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Social Support, Self-Esteem, and Stress as Predictors of Adjustment to University Among First-Year Undergraduates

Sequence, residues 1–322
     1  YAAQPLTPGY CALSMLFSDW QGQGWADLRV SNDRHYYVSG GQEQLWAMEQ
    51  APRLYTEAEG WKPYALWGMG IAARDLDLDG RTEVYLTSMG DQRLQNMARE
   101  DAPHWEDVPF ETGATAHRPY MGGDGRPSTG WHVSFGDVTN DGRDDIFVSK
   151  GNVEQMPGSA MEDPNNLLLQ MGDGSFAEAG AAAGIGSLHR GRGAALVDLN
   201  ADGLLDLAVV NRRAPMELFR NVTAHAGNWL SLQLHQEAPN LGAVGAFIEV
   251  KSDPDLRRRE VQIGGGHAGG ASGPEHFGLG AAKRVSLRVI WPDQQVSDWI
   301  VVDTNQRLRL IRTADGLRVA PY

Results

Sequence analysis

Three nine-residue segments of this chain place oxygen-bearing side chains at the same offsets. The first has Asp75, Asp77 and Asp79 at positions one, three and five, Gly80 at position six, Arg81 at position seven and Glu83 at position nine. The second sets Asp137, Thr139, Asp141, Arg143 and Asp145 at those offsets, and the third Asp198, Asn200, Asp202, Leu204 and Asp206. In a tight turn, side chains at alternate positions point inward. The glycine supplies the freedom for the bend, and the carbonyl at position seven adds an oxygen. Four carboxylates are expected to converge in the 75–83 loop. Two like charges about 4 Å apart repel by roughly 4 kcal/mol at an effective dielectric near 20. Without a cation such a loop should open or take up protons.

The current study examined the joint effects of stress, social support, and self-esteem on adjustment to university. First-year undergraduate students (N = 115) were assessed during the first semester and again 10 weeks later, during the second semester of the academic year. Multiple regressions predicting adjustment to university from perceived social support (friends and family), self-esteem (academic, social, and global), and stress were conducted. From the fall to winter semesters, increased social support from friends, but not from family, predicted improved adjustment. Decreased stress predicted improved overall, academic, personal-emotional, and social adjustment. Increased global, academic, and social self-esteem predicted decreased depression and increased academic and social adjustment. Results are discussed with respect to potential mechanisms through which support and self-esteem may operate.